3 worrying ways your emotions could be affecting your long-term plans

a Venn diagram explaining confirmation bias written in a notebook

According to figures from JP Morgan, in 2018 the UK FTSE All-Share stock index fell by 9.5%.

If you’d had investments in the FTSE – and any well-diversified portfolio would – you might have experienced an immediate emotional reaction to that news.

You would naturally have been concerned about the value of your wealth, and perhaps you even considered whether you should be exiting the market before things got worse.

These types of emotional reactions, or behavioural biases, are perfectly normal. However, acting on them can affect your long-term security and cause you to make knee-jerk decisions that have significant consequences down the line.

Had you sold your FTSE shares at the end of 2018, for example, you’d have missed out on the 19.2% growth the index recorded the following year.

At times of uncertainty – such as during a pandemic with rampant inflation against the backdrop of a European ground war – it’s very easy for emotions to take over.

So, read on to discover three biases you might be experiencing right now, and how to ensure they don’t lead you to make the wrong decisions.

1. Confirmation bias

Arguably the most powerful of all behavioural biases, confirmation bias can affect any of your day-to-day decisions, and certainly when it comes to your finances.

When you start thinking about a financial decision that needs to be made, there’s a chance that you’ve already formed a preconceived idea.

For example, you may decide to research whether a specific type of investment would be right for you. However, in the back of your mind, you may have already decided it isn’t. So, you only search for information that confirms this belief while ignoring the evidence that could prove otherwise.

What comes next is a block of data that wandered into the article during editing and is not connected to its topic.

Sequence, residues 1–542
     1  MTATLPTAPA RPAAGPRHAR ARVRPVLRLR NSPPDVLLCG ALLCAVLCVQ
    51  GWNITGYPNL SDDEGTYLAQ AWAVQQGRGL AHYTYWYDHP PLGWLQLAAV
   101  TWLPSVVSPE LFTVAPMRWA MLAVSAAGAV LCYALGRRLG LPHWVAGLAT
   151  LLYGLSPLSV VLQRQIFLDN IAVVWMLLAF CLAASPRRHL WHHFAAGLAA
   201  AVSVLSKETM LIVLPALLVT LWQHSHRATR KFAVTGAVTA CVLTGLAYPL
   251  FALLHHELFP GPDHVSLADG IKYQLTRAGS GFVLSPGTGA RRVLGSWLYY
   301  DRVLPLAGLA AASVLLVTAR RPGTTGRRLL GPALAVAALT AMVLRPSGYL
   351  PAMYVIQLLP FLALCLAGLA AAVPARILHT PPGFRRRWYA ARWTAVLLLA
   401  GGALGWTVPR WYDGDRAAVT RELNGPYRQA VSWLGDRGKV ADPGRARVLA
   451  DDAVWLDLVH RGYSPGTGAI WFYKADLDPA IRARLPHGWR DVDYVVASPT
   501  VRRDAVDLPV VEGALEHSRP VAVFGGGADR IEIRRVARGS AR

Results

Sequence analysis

If you subconsciously believe “the stock market isn’t for you”, you’ll seek out information that confirms it’s a volatile place to invest. You’ll look for data that suggests you “lose money” as that will confirm what you already believe.

The effect of this bias is that you can fail to make the most of opportunities because you’re avoiding evidence that might make you question your beliefs.

2. Loss aversion

In 1979, Daniel Kahneman and Amos Tversky introduced the concept of “loss aversion”.

In simple terms, they showed that our natural desire is to prefer avoiding a loss to acquiring an equivalent gain. We feel losing £10 around twice as strongly as we would feel gaining £10.

When it comes to investing, loss aversion is a key behaviour in determining the level of risk you are willing to take with your investments.

If you feel loss aversion strongly, it could mean that you take on very little investment risk as you’re so concerned with the fear of “losing”.

Of course, taking on too little risk can also have a huge impact on your long-term plans.

Much of the growth in things like pension funds comes from stock market investments. So, investing too little could mean your fund doesn’t grow to the level you need it to in order to fund your desired retirement.